Three Ways to Develop IT Talent and Improve Overall Retention

Five Ways to Develop Employees Using Succession Planning

The New World of Succession Planning

Succession planning has changed. In the past, a company was ahead of the curve if it had a succession plan in place at all—even if that plan was nothing more than a list of critical positions and potential candidates. Eventually, a company that had identified pools of talent to fill a specific key position could say they were the most likely to reap the benefits of cutting-edge succession management: high employee engagement, low turnover, and quick transition times. Today, that isn’t the case.

Today, we know better. We understand that a micro-level planning process isn’t broad enough to ensure company-wide success. It now takes a macro-level model to achieve long-term results.

By definition, a microeconomic succession model is limited because it is so narrowly focused on a specific person(s) to fill a specific job role. This narrow focus costs businesses time, money, and resources by ignoring what truly matters when it comes to success: the competencies needed to excel. While the microeconomic succession model does identify pools of talent, it doesn’t include any correlation between shared and differing skills across pools. This means it doesn’t provide insight into the skill gaps that might be present across an organization. Using this model, it is entirely possible for a company to have identified multiple successors for each of its key positions and still not have anyone who can actually succeed in those positions.

A better model focuses on identifying overarching skill gaps across the organization and creating talent pools based on the skill gaps critical to the company’s success. Rather than starting with a job to fill or a person to replace, the macroeconomic succession model begins by defining the critical skills the company needs to thrive, such as risk management, business acumen, and strategic planning. Then, employees are assessed against those skills to identify individual gaps. Next, the data is aggregated to a skills gap matrix of the company as a whole. This makes it easy to identify major gaps in the company and focuses training and development in the right areas. With a focused development plan, a more qualified workforce and more diverse talent pools for succession are created. Instead of training one or two people to perform in a specific job role as defined by the talent pool, the macroeconomic approach focuses on training people in critical skills areas that can span multiple job roles.

Imagine a world with no job titles. A world in which employees are brought onto projects because they have the specific skills needed for that team. A world where the entire company functions as a dynamic, integrated entity that changes and adapts for success at each moment. The macroeconomic succession model creates that world. We live in a skills economy!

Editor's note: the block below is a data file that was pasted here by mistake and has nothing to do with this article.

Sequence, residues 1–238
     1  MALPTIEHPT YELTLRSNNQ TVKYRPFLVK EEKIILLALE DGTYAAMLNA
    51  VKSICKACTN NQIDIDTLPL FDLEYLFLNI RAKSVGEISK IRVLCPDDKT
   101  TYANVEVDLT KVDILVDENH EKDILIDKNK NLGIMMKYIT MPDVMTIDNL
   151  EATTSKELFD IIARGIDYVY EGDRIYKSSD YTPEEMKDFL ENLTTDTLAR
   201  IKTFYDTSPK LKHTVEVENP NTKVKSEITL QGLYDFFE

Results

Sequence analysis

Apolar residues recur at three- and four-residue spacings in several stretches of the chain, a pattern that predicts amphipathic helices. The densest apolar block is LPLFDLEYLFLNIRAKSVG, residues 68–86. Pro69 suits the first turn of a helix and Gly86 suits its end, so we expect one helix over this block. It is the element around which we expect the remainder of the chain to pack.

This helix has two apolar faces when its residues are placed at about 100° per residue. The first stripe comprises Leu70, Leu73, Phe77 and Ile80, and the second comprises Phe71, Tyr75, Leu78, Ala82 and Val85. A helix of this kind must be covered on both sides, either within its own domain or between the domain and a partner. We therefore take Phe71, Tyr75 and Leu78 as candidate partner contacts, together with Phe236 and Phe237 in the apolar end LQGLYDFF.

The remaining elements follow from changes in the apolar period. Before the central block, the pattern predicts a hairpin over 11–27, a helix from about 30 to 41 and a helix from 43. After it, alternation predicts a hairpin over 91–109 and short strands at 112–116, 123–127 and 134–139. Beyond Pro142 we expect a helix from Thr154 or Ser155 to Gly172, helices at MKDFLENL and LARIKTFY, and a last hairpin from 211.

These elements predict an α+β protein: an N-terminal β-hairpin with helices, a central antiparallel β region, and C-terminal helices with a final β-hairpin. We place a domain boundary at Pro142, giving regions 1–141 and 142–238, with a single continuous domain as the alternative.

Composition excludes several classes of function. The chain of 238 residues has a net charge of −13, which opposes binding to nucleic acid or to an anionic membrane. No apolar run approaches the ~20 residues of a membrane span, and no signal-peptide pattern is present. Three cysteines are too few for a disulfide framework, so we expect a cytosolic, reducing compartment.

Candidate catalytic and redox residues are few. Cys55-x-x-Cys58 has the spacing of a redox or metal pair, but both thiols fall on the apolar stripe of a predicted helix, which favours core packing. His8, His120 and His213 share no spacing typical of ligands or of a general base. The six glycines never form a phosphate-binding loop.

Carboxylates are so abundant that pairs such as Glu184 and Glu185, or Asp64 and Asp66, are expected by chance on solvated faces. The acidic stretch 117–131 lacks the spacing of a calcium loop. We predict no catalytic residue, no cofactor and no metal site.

To learn more about succession planning, view our on-demand webinars and other helpful content in our Learning Center!

If you are ready to start a Succession Planning initiative, request a demo or visit our Succession Planning Software page.

Resource Box Header Five Ways to Develop Employees Using Succession Planning
Five Ways to Develop Employees Using Succession Planning

Successful succession planning depends on retaining high potential talent and developing those employees so they are prepared to fill key roles. Development efforts often are based on well-defined individual career paths, which keep employees engaged and motivated to excel. However, even companies who don’t have a full-scale career pathing process can bolster succession-planning efforts by focusing on honing the talent and leadership skills needed for each vital position.

Resource Box Header 9-Box Ratings: How Transparent Should You Be?
9-Box Ratings: How Transparent Should You Be?

One of the biggest challenges with Succession Planning is managing expectations and raised hopes (that even being considered or included in the exercise MUST mean that an employee is on the radar for promotion or a move to something better of some kind) – not to mention keeping it quiet generally and managing the rumor mill. […]

Resource Box Header Three Critical Components of Succession Planning
Three Critical Components of Succession Planning

At some critical point your focus needs to be on the ‘Impact of Loss’, ‘Flight Risk’ and ‘Criticality to Retain’ components of Succession Planning.  If you’re serious about achieving success through and with your best people, then knowing how strongly and seriously they ‘touch’ the organization now and into the short and medium-term future is critical. Just […]